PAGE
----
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Khalil’s Picks (26 October 2012)


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This week in Picks: polio eradication in Nigeria, AI goes in sports commentary, hookah and energy-drinks aren’t healthy at all and posts from young science writers who just joined SciLogs.com, a science blogging network.

Get some coffee and start clicking and reading.

Charles Ebikeme, in Think Africa Press, writes about the renewed efforts to eradicate polio in Nigeria. Polio is a terrible disease which can start as a simple fever but culminate into paralysis. It has been eradicated in most parts of the world thanks to vaccination but Nigeria remains the only polio endemic country in Africa. This is, above all, a necessary read.

Nigeria: Polio’s Last African Stronghold
“I do not really understand what happened. Aisha felt sick for weeks and got a high fever. Her legs have now started to get very weak and she has a hard time trying to stand up”, explains Zainabu, a Nigerian mother whose daughter contracted polio, to Think Africa Press.

Artificial intelligence is a big thing but perhaps we’re not aware of it that much yet. But rest assured that many people are actively using it. The latest profession which may use artificial intelligence? Sport commentators! Good piece by Douglas Heaven at New Scientist.

AI sports commentator knows all the best stories
A database of relevant anecdotes for commentators during live sport means that the best stories are always to hand WHEN watching sport on TV, the footage is often only half the fun. A good commentator can make all the difference, peppering a play-by-play account of the action with expert knowledge and anecdotes. But even the best commentator’s repertoire is limited. Now an AI system called Scores could help.

During my three-year stint in Malaysia, I was exposed to the culture of shisha (or hookah) smoking. It never appealed to me (I mean, seriously, smoke inhaling!?) but many of friends smoked shisha while we were watching football (soccer) games. And they always claimed that it wasn’t unhealthy. Wrong! In his piece at Mind The Science Gap, Michael Grisafe reveals that hookah is not healthy. Not at all so.

Up in Smoke: The Myth of the Healthy Hookah
“Narghile.” “Hubble-bubble.” “Shisha.” All names for what is commonly known in the United States as “Hookah.” A hookah is a type of water pipe in which users inhale flavored tobacco smoke through a long, hose-like stem after it passes through a basin of water. Hookah smoking has been around in the Middle East for over 400 years; however it’s seen a surge in popularity among college age adults in the United States over the past ten years.

In her piece for New Scientist, Hannah Krakauer tells all about energy drinks’ potential of killing you. Or more specifically, about caffeine’s potential to kill.

Are high-caffeine energy drinks dangerous?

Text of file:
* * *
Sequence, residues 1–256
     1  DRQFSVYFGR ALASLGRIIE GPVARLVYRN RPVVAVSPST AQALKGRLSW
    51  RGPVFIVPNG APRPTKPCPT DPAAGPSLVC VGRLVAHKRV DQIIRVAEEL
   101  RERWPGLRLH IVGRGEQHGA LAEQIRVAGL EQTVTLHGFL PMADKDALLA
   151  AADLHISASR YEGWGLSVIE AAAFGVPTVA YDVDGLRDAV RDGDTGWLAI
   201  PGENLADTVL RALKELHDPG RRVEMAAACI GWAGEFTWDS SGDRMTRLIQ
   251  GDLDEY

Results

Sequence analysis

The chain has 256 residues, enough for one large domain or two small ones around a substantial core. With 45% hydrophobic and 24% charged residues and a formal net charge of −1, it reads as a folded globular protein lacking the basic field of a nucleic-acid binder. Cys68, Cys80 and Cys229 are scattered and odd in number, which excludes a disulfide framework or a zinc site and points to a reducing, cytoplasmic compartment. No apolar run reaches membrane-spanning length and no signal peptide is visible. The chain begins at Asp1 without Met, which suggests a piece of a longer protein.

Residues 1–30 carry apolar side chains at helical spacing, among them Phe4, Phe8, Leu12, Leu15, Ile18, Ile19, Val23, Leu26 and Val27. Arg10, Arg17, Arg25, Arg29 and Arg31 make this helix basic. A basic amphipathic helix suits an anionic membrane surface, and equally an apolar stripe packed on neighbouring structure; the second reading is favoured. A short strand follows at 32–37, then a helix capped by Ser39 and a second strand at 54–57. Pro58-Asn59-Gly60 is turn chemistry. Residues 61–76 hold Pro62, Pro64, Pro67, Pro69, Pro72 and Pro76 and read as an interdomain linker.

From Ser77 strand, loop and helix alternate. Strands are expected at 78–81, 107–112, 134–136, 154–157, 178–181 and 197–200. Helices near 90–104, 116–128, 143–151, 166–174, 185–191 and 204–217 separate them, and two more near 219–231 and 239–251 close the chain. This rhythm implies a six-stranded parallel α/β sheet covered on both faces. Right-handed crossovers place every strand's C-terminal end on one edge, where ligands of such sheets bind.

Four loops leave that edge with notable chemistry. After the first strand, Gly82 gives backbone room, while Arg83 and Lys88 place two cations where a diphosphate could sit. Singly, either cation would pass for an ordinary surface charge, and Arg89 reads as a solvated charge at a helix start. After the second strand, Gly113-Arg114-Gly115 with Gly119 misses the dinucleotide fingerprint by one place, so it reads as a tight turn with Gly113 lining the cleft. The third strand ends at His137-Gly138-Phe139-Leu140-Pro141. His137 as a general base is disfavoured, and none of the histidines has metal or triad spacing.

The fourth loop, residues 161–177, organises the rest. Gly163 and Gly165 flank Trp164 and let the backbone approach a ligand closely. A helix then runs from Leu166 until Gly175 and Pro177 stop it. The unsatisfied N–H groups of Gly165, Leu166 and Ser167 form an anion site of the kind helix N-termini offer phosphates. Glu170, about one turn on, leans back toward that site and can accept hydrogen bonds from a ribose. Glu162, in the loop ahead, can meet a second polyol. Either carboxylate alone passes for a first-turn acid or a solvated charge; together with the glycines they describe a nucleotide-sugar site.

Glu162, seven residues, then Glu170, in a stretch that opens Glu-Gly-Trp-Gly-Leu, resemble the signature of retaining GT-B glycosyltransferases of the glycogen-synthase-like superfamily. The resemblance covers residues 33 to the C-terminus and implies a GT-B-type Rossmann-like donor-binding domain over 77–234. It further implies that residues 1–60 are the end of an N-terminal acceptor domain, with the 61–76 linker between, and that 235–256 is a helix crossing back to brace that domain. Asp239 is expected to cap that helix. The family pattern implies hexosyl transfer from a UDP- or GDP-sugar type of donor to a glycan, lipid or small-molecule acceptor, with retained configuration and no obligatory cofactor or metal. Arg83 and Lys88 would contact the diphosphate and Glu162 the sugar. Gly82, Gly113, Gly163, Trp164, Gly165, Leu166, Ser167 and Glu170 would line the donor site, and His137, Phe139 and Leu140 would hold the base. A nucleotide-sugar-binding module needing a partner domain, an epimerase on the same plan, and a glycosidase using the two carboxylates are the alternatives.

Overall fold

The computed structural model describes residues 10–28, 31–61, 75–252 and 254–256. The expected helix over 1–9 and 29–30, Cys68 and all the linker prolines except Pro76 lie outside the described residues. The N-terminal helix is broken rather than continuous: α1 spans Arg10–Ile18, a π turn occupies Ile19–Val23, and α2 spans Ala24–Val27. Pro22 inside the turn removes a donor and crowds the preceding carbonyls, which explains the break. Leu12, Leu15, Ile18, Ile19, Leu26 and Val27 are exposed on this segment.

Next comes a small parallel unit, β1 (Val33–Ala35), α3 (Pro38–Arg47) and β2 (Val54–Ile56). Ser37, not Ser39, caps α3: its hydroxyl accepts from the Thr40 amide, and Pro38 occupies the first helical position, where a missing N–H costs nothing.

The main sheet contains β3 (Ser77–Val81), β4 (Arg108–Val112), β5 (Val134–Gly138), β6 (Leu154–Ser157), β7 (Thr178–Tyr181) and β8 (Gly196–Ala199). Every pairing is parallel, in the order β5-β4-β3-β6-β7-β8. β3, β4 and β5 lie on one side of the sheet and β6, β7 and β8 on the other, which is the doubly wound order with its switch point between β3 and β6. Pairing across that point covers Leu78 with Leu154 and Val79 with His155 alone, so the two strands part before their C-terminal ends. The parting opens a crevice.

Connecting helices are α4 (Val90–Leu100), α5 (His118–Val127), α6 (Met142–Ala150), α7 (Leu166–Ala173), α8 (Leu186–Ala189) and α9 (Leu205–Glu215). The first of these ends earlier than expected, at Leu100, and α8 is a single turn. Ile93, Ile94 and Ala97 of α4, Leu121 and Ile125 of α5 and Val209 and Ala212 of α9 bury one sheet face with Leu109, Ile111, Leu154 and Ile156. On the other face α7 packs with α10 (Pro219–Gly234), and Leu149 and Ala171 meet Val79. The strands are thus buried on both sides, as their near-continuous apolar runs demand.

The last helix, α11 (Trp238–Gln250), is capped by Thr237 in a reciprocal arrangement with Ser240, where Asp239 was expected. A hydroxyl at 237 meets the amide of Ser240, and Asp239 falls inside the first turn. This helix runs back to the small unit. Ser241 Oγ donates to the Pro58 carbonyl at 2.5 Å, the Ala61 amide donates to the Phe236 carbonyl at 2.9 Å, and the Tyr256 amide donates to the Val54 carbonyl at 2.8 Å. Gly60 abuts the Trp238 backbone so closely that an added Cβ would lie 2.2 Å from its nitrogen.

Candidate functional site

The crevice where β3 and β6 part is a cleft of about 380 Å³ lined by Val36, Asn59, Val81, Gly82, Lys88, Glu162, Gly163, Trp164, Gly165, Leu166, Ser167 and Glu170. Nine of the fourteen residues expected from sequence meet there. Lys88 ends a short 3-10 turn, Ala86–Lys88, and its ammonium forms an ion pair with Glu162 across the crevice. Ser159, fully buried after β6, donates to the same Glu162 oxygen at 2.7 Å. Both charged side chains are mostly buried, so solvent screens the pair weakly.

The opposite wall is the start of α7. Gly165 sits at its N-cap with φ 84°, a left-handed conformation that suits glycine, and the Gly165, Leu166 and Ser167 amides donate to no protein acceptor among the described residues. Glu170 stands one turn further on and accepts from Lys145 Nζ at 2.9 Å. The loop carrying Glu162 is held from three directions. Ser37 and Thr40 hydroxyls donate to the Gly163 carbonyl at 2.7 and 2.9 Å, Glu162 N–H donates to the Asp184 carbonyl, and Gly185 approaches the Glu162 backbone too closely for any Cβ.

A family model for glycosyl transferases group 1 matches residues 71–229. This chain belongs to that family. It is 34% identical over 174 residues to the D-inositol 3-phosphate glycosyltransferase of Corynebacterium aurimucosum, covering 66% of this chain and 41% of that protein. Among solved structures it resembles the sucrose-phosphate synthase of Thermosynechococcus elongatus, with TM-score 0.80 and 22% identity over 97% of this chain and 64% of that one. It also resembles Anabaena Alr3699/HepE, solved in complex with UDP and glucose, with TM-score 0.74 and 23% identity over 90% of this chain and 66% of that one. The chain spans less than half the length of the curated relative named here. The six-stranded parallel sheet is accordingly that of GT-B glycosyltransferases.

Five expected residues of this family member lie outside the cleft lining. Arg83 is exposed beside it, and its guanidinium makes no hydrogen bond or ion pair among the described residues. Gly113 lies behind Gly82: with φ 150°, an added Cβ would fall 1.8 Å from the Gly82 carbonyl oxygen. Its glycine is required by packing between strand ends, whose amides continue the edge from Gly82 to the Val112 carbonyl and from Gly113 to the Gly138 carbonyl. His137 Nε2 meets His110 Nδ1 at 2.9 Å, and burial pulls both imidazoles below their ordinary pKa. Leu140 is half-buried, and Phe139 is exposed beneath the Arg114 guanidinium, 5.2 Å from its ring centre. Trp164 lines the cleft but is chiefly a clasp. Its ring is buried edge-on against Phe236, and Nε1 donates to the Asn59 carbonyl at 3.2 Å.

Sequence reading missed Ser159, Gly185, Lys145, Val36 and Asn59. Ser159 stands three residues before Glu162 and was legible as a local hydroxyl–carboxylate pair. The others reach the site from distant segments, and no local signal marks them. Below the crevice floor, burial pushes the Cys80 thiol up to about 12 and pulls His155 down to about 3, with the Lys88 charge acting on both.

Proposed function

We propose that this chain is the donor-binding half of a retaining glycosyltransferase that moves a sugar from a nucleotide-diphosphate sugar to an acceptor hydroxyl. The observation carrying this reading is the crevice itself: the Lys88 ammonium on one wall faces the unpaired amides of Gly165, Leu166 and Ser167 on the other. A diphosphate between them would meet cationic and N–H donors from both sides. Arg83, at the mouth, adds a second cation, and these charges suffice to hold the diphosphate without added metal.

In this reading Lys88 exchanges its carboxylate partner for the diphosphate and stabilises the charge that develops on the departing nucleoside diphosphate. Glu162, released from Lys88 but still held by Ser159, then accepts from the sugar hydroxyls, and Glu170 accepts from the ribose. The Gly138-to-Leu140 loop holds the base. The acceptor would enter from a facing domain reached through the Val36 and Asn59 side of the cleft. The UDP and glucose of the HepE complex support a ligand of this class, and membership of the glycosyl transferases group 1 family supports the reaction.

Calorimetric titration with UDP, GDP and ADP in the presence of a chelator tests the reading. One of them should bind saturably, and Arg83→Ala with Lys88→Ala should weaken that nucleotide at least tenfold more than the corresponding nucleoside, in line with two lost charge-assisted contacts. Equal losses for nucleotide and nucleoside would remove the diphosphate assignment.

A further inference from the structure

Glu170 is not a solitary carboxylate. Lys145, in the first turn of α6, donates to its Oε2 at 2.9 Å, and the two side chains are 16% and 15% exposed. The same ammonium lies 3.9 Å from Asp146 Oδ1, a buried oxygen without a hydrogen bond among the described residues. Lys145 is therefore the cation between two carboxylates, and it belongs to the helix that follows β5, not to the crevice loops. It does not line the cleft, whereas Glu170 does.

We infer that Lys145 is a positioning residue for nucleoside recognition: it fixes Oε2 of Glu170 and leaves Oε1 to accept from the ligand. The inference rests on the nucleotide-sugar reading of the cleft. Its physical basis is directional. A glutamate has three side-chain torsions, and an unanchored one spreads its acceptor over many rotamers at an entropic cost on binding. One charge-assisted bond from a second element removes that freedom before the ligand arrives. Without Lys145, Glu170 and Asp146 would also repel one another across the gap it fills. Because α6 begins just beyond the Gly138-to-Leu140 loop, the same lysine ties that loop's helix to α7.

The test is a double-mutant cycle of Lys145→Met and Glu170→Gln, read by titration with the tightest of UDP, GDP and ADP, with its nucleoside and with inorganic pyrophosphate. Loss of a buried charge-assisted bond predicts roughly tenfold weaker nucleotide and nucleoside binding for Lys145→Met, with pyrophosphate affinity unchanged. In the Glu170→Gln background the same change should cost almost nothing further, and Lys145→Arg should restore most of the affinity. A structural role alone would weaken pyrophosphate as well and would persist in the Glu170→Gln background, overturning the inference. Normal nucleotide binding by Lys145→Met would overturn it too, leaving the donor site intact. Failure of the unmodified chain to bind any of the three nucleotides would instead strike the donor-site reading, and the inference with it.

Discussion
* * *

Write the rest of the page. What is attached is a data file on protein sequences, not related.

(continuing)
This week, the US Food and Drug Administration (FDA) released incident reports describing several deaths that may have occurred following the consumption of Monster Energy drinks. Much of the concern over energy-drink consumption is down to the high caffeine content of such beverages, which at present is not regulated as they are classed as nutritional supplements.

In the future, the cool kids may well have one dad and two mommies. Akshat Rathi has a good piece in The Economist about that recent paper which reported that a child can have DNA from three individuals: a father and mother providing the chromosomal DNA and a second mother providing the mitochondrial DNA.

Hello mothers, hello father
A technique intended to eliminate mitochondrial diseases would result in people with three genetic parents. Is it possible for a child to have three parents? That is the question raised by a paper just published in Nature by Shoukhrat Mitalipov and his colleagues at Oregon Health and Science University. And the answer seems to be “yes”, for this study paves the way for the birth of children who, genetically, have one father, but two mothers.

Shara Yurkiewicz is at her usual standard in her latest post in her blog, This may hurt a bit, hosted by PLoS. You’ll be sold by her opening lines.

Oasis
“By the way,” my chief resident told me on the first day of my inpatient psychiatry rotation, “don’t lick your lips in front of him.” “Wait, what happens if–” I fell silent as the patient walked into the interview room. The resident wanted to discuss his paranoid delusions; the patient wanted to discuss his discharge.

Rachel Nuwer tackles an interesting question from a science viewpoint in Smithsonian.com’s Smart News blog.

Can We Excuse Cheating If It Supports a Good Cause?
Is it ever ok for us to bend the rules or cheat in order to achieve a greater good—or to support those who do? New York Magazine raises this question in relation to Lance Armstrong’s recent fall from grace.

This week also saw the unveiling of a number of new bloggers on this blogging network’s sister network, SciLogs.com (full disclosure, I am the community manager of SciLogs.com). Many of those new bloggers are young science writers. Here’s some of their contributions so far:

A lot of links today. But you can find more writings from early-career science writers by following this Twitter list. Have a good intellectual weekend.

Khalil A. Cassimally About the Author: Khalil A. Cassimally is the Community Coordinator of The Conversation UK. He's also a science blogger. He hails from a tropical island and is a happy geek. Subscribe to his updates on Facebook and Google+. Follow on Twitter @notscientific.

The views expressed are those of the author and are not necessarily those of Scientific American.





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